One cannot really talk about reporting and analytics without mentioning Microsoft Excel. Excel is the most widely used data analytics software in the world and is the tool of choice for many business professionals.  It is the most common tool used for manipulating spreadsheets and building analyses and has been for decades.  Excel is installed on most business and personal computers, is easy to learn, easy to use, and provides fantastic visualization capabilities for reporting and analytics.  While Excel offers powerful reporting and (descriptive) analytics capabilities, an organization looking for deeper insights that span multiple sources and types of data might have looked to solutions offered from some of the large enterprise solution giants like SAP, Oracle, or IBM.  For example, BusinessObjects (BOBJ), which was acquired by SAP in 2007, offered/offers clients an enterprise-ready solution for reporting and analytical business intelligence (BI) that aided users to find data, generate canned or custom reports, and conduct deep analytics across multiple data sources.  These (now) legacy solutions have matured over time, and many have morphed into next-generation offerings leveraging Artificial Intelligence (AI) to automate the acquisition and analysis of data aiding the data professional seeking more real-time, forward-looking insights.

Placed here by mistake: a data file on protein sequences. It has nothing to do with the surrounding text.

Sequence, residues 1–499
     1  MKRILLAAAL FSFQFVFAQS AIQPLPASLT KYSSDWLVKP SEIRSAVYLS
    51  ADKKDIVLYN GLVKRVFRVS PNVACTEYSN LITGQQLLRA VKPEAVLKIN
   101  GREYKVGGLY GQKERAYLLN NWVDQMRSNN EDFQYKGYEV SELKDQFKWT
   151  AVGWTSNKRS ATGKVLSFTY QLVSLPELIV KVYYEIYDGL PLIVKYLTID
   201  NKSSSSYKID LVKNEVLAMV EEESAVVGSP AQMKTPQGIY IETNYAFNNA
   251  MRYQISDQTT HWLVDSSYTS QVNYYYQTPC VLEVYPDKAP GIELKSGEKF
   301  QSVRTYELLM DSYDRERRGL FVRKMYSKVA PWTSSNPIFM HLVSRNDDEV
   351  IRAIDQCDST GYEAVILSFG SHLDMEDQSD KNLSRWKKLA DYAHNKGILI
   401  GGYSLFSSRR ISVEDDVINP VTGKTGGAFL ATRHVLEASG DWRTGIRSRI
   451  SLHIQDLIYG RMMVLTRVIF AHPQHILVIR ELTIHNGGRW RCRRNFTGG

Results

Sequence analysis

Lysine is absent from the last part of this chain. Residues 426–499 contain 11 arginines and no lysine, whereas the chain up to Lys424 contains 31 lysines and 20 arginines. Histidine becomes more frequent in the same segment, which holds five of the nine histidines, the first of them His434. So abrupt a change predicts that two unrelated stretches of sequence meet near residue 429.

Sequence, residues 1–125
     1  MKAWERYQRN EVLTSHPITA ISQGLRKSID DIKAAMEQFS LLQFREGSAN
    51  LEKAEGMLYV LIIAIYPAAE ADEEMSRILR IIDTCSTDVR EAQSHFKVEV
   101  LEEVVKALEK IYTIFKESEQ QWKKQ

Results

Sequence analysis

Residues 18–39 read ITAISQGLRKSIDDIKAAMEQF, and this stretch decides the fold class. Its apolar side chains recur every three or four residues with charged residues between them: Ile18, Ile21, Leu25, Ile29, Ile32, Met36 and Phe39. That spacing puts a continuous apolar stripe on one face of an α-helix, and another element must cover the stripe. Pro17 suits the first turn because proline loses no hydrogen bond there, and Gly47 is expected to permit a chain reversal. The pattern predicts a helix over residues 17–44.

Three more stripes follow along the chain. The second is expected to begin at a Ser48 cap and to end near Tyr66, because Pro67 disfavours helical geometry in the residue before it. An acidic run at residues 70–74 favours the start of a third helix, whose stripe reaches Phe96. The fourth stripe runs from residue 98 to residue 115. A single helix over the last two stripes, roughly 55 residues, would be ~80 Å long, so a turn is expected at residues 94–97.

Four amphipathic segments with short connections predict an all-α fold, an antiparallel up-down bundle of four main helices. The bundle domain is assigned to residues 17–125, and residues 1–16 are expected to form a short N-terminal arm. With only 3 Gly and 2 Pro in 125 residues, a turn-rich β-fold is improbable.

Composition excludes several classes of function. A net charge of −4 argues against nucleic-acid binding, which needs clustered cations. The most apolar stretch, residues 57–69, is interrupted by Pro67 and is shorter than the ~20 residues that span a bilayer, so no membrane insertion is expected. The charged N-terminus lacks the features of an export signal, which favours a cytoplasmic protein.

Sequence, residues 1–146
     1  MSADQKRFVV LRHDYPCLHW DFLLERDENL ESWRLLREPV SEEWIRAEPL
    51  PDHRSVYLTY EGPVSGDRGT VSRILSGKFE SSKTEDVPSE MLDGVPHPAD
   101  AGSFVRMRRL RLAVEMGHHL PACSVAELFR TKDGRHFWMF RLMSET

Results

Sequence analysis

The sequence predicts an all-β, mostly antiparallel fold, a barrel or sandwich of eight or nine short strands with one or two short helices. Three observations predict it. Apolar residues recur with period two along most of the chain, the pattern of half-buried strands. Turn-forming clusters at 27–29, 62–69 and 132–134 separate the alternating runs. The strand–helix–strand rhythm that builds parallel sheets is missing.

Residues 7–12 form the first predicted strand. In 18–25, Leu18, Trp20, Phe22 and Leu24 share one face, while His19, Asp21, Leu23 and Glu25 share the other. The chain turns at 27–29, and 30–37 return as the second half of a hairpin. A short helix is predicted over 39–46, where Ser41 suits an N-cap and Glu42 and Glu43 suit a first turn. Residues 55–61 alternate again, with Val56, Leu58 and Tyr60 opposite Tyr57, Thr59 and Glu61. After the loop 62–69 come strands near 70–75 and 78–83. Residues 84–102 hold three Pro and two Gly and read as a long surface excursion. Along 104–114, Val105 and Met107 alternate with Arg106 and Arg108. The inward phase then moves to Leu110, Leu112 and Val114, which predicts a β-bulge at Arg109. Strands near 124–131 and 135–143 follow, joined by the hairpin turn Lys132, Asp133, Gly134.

Today’s data-centric leaders are no longer satisfied having to rely on others to feed their hunger for insights and require more immediate gratification from their data.  Traditional/legacy analytics offerings have, therefore, seen significant disruption recently by platforms that leverage AI to augment the human interaction and automate much of the data discovery, acquisition, and analysis – many leveraging bots and virtual assistants that are conversational in nature (such as Tableau and Microsoft Power BI.) This provides the (business) data professional with more of a self-service type offering and reduces some of the reliance on IT.  In Q4 2019, Microsoft released Automated ML in Power BI.  According to documentation from Microsoft, with Automated ML, business analysts can build machine learning models to solve business problems that once required data scientist skill sets.  Power BI automates most of the data science workflow to create the ML models, all while providing full visibility into the process.  Power BI is a collection of software services, apps, and connectors that work together to turn your unrelated sources of data into coherent, visually immersive, and interactive insights. Your data may be an Excel spreadsheet or a collection of cloud-based and on-premises hybrid data warehouses. Power BI lets you easily connect to your data sources, visualize, and discover what’s important, and share that with anyone or everyone you want. As organizational leaders thirst for deeper, more real-time, forward-looking insights has increased, so has the demand for these types of solution offerings.